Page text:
I couldn’t help but notice the court case regarding the wife of Joel Osteen (a well-known pastor). I’m not interested in the case, but I did notice the difficulty in putting a proper jury together. Here’s a line from a prospective juror: “As a Christian, I wouldn’t feel it would be my place to judge them.”
(Please pardon me while I tear my hair out.)
I appreciate that this prospective juror is taking seriously “Do not judge, or you too will be judged,” but we need to read that command in context: . Judgment of a person’s behavior is wrong if unfair, hypocritical and arrogant. Proper judgment, as Lewis Smedes says, is necessary:
I would suggest that, in our day and age, we need more — not less — judgment. Modern Americans suffer from a fear of judging. Passing judgment on the behavior of fellow human beings is considered an act of medieval, undemocratic intolerance.
Why? Because, our culture tells us, we are all flawed people, and people with flaws have no right to judge other people’s flaws. Furthermore, modern Americans do not believe that there are objective standards by which to judge. And where there are no standards, there is nothing by which to measure behavior.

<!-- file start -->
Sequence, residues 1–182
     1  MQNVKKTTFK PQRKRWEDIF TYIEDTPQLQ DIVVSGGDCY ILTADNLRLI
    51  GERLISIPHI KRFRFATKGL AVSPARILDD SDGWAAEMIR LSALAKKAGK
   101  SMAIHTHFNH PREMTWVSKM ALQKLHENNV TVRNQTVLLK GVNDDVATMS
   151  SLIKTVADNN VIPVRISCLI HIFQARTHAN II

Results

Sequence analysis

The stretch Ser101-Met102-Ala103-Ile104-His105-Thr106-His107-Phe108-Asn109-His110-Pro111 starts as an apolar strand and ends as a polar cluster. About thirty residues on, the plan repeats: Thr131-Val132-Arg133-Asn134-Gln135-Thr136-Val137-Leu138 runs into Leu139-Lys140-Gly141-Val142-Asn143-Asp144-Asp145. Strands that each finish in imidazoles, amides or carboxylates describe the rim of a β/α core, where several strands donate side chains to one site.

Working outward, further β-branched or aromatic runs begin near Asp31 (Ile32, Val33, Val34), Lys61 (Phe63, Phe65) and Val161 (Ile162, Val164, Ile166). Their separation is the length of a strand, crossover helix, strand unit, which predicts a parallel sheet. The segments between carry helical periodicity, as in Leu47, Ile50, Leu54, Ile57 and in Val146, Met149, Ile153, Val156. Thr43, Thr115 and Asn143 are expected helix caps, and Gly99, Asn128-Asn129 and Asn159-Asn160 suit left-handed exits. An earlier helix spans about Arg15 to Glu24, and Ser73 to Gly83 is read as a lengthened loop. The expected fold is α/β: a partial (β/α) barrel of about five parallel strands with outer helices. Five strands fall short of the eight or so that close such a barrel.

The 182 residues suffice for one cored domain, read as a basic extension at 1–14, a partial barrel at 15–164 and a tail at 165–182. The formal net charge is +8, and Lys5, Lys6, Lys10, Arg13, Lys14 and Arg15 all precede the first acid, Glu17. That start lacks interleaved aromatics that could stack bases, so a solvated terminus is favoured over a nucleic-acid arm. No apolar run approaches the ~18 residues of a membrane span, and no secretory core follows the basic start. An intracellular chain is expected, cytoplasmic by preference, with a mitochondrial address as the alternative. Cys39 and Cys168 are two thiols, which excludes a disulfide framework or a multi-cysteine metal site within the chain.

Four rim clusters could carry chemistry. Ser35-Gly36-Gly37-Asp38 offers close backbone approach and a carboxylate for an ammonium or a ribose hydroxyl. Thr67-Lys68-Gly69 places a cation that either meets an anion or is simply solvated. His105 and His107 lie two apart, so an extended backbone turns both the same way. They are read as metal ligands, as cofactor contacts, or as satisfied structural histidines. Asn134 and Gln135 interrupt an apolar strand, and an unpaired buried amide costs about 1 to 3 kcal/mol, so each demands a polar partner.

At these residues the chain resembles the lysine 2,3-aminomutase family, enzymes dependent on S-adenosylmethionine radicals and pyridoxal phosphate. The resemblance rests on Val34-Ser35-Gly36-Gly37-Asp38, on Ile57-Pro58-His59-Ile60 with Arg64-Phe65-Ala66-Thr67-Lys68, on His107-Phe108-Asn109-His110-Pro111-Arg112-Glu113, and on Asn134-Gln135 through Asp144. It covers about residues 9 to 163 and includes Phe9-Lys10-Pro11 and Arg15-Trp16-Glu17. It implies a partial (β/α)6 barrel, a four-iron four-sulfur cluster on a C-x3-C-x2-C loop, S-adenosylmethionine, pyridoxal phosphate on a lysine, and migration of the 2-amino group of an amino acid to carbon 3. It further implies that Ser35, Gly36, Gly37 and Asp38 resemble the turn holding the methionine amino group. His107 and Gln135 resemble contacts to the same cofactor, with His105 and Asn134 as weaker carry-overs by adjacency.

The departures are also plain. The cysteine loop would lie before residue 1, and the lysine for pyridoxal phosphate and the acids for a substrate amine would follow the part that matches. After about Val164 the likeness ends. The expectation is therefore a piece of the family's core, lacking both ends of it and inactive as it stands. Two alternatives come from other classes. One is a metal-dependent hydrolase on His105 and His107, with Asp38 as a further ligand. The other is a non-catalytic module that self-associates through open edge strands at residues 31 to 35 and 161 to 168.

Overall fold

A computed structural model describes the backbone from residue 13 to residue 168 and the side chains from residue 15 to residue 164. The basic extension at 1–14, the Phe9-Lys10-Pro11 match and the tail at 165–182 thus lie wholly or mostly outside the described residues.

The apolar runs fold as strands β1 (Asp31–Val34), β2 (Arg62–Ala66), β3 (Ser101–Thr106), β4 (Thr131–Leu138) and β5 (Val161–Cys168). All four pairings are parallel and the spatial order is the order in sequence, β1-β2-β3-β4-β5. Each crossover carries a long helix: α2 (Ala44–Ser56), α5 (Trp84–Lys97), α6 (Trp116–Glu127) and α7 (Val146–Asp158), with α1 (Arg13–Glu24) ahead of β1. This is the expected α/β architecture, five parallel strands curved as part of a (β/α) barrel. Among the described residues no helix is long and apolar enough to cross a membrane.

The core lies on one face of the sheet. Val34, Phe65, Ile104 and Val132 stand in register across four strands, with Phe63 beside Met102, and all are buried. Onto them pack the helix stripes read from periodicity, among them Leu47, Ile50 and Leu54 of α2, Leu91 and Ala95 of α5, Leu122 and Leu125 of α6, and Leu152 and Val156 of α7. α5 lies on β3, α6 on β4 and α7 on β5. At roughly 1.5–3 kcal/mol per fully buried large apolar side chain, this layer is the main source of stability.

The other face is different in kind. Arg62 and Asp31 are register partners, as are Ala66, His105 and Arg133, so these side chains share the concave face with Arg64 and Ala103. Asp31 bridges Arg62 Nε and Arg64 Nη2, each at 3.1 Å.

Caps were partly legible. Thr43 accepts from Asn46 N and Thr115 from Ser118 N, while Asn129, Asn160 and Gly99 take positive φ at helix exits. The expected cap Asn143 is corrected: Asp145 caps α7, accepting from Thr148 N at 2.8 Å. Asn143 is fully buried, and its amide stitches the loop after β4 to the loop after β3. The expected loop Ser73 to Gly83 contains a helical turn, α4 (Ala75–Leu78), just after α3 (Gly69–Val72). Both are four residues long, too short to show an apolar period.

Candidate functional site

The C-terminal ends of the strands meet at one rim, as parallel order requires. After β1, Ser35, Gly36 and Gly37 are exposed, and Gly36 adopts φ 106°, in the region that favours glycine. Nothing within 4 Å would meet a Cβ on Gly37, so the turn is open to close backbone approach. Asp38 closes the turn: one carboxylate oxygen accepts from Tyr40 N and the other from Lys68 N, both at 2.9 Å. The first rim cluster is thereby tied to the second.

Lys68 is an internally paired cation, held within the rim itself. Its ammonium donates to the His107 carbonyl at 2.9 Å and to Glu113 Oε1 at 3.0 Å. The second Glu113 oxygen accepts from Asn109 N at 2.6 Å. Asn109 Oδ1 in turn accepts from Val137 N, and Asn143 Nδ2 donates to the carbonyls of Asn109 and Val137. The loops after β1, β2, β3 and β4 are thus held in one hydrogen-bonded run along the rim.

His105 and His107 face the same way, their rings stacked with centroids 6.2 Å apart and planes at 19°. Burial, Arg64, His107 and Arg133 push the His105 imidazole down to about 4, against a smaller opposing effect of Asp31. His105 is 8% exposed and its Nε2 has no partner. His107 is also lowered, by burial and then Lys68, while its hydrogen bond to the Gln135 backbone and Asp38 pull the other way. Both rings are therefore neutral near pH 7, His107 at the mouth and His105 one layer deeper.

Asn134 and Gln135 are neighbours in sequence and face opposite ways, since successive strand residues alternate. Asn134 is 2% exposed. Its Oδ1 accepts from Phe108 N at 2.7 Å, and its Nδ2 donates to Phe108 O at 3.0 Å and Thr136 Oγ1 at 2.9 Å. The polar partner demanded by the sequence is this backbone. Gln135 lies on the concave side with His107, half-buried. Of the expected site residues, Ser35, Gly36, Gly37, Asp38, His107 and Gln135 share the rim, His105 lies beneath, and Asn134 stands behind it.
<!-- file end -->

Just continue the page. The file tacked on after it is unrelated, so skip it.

Standards are vital. “In a sinful world, no community can exist for long where nobody is ever held accountable.” (Smedes, again) There is no holiness without standards, no love without judgment.
All I can say is, please judge me. Just do it fairly, humbly and with love, and always aim for repentance and reconciliation. And of course, know that full, final and eternal judgment is God’s alone.
7:1 “Judge not, that you be not judged. 2 For with the judgment you pronounce you will be judged, and with the measure you use it will be measured to you. 3 Why do you see the speck that is in your brother’s eye, but do not notice the log that is in your own eye? 4 Or how can you say to your brother, ‘Let me take the speck out of your eye,’ when there is the log in your own eye? 5 You hypocrite, first take the log out of your own eye, and then you will see clearly to take the speck out of your brother’s eye.